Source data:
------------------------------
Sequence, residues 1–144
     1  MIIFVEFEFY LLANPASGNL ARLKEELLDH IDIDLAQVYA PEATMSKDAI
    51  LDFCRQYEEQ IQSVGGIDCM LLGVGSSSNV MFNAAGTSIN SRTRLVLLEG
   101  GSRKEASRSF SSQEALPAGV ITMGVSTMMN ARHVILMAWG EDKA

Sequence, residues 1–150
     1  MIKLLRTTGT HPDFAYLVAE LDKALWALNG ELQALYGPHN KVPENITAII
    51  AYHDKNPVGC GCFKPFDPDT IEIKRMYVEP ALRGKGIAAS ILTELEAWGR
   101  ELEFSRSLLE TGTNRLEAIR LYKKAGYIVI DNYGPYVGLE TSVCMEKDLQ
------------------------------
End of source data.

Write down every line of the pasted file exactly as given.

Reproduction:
Sequence, residues 1–144
     1  MIIFVEFEFY LLANPASGNL ARLKEELLDH IDIDLAQVYA PEATMSKDAI
    51  LDFCRQYEEQ IQSVGGIDCM LLGVGSSSNV MFNAAGTSIN SRTRLVLLEG
   101  GSRKEASRSF SSQEALPAGV ITMGVSTMMN ARHVILMAWG EDKA

Sequence, residues 1–150
     1  MIKLLRTTGT HPDFAYLVAE LDKALWALNG ELQALYGPHN KVPENITAII
    51  AYHDKNPVGC GCFKPFDPDT IEIKRMYVEP ALRGKGIAAS ILTELEAWGR
   101  ELEFSRSLLE TGTNRLEAIR LYKKAGYIVI DNYGPYVGLE TSVCMEKDLQ